WASHINGTON, D.C. – U.S. Senator Richard Shelby (R-Ala.) today announced that 15 community health centers located in Alabama have received a total of $4,038,000 in federal grant funding from the U.S. Department of Health and Human Services (HHS) to support increased treatment and prevention for opioid and substance abuse.
“It is of the utmost importance that we work to fund the fight against the national opioid crisis,” said Senator Shelby. “Nearly every county in Alabama is affected by this growing problem. These HHS grants will allow community health centers across the state to provide treatment to patients with opioid and substance abuse and support addiction prevention programs, helping our communities tackle this widespread epidemic.”
These grants will impact community health centers in the following areas of the state: Bayou La Batre, Birmingham, Centreville, Gadsden, Huntsville, Mobile, Montgomery, Parrish, Selma, Scottsboro, Troy, and Tuscaloosa.
On September 19, HHS awarded nearly $352 million to 1,232 community health centers across the nation, including the 15 in Alabama, through the Expanding Access to Quality Substance Use Disorder and Mental Health Services (SUD-MH) awards. The SUD-MH awards support health centers in implementing and advancing evidence-based strategies that best meet the substance use disorder and mental health needs of the populations they serve.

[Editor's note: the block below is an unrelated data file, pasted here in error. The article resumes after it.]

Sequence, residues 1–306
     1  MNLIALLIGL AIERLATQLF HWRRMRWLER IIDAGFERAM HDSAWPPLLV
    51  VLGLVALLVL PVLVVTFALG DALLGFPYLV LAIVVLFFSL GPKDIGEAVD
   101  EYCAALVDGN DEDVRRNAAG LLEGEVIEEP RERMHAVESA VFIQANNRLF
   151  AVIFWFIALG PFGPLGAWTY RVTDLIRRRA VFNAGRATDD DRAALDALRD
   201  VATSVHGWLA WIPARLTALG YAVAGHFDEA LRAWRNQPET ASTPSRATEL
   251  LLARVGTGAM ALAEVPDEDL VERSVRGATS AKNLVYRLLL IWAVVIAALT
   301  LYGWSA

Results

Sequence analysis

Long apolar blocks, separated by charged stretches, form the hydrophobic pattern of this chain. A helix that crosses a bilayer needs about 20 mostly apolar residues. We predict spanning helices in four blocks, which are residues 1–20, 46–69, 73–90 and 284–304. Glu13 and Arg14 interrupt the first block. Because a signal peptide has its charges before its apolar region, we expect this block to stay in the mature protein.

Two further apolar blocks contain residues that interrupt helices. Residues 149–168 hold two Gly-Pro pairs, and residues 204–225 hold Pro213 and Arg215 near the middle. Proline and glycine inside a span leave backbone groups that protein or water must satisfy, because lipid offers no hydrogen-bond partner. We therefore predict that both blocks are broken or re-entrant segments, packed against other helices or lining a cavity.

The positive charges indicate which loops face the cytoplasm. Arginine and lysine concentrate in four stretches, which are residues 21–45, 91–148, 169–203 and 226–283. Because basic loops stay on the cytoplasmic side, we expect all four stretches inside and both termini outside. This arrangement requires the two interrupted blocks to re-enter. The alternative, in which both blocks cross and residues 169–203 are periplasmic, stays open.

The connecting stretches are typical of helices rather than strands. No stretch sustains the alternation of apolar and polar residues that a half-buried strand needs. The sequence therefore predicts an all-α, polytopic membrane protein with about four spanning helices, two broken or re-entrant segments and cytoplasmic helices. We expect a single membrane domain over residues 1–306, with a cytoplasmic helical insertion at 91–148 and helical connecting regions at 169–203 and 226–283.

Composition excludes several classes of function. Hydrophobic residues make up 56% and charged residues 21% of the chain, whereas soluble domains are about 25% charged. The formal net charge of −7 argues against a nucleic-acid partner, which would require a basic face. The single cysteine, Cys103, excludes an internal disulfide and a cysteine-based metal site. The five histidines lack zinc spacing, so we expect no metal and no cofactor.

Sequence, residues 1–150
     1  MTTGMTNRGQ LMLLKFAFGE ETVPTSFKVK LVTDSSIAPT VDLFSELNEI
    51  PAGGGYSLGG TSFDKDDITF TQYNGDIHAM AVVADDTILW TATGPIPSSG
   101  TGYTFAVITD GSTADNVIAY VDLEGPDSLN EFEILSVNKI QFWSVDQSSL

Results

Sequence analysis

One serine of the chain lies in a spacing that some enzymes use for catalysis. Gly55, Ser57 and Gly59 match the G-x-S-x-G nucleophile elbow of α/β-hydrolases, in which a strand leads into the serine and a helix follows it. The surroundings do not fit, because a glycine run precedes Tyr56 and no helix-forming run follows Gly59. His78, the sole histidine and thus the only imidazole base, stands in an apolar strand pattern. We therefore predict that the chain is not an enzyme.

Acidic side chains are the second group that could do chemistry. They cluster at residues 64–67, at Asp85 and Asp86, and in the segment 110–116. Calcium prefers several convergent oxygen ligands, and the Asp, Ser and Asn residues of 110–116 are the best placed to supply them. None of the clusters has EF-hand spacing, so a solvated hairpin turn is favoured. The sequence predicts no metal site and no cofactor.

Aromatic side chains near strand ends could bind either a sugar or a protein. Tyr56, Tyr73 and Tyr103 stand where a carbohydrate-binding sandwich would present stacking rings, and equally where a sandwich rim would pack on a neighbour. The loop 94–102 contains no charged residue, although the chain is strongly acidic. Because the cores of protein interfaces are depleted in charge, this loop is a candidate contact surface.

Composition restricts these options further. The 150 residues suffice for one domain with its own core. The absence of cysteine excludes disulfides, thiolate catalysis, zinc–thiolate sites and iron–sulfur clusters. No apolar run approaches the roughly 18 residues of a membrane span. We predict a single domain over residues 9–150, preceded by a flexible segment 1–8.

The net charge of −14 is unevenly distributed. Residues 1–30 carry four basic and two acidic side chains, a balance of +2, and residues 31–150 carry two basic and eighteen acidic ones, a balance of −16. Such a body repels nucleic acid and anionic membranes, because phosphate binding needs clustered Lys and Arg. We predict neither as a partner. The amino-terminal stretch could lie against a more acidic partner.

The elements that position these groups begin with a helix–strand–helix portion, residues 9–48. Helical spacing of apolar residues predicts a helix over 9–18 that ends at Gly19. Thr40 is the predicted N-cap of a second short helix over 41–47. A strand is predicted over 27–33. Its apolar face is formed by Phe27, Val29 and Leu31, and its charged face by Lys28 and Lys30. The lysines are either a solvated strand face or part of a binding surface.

The following 15 community health centers in Alabama will receive $4,038,000 in grant funding:
- Bayou La Batre Area Health Development Board, Inc., Bayou La Batre – $285,000
- Christ Health Center, Inc., Birmingham – $285,000
- Alabama Regional Medical Services, Birmingham – $285,000
- Aletheia House, Inc., Birmingham – $201,750
- Cahaba Medical Care Foundation, Centreville – $296,000
- Quality of Life Services, Inc., Gadsden – $293,000
- Central North Alabama Health, Huntsville – $285,000
- Health Services, Inc., Montgomery – $285,000
- Franklin Primary Health Center, Inc., Mobile – $285,000
- Mobile County Health Department, Mobile – $285,000
- Capstone Rural Health Center, Parrish – $287,250
- Rural Health Medical Program, Inc., Selma – $285,000
- Northeast Alabama Health Services, Inc., Scottsboro – $110,000
- S.E. Alabama Rural Health Associates, Troy – $285,000
- Whatley Health Services, Inc., Tuscaloosa – $285,000
Earlier this week, Senator Shelby voted to pass “The Opioid Crisis Response Act of 2018,” which was a bipartisan effort of over 70 U.S. Senators and includes proposals from the Senate Committees on: Health, Education, Labor, and Pensions; Finance; Judiciary; Commerce, Science, and Transportation; and Banking, Housing, and Urban Affairs. The legislation would improve detection of illegal drugs at the border, improves the sharing of Prescription Drug Monitoring Programs data between states, and aims to reduce the use and supply of dangerous drugs.